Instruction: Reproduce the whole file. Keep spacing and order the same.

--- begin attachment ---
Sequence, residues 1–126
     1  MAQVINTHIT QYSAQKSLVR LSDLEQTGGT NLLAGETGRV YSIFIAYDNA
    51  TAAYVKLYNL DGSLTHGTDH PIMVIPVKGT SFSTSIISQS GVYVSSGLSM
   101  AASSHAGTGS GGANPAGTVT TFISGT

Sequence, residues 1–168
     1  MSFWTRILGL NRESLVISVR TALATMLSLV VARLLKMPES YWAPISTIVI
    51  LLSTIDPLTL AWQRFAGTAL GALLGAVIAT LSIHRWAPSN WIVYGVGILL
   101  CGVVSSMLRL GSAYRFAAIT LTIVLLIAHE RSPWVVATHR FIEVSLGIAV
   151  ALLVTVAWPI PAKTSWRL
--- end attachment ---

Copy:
Sequence, residues 1–126
     1  MAQVINTHIT QYSAQKSLVR LSDLEQTGGT NLLAGETGRV YSIFIAYDNA
    51  TAAYVKLYNL DGSLTHGTDH PIMVIPVKGT SFSTSIISQS GVYVSSGLSM
   101  AASSHAGTGS GGANPAGTVT TFISGT

Sequence, residues 1–168
     1  MSFWTRILGL NRESLVISVR TALATMLSLV VARLLKMPES YWAPISTIVI
    51  LLSTIDPLTL AWQRFAGTAL GALLGAVIAT LSIHRWAPSN WIVYGVGILL
   101  CGVVSSMLRL GSAYRFAAIT LTIVLLIAHE RSPWVVATHR FIEVSLGIAV
   151  ALLVTVAWPI PAKTSWRL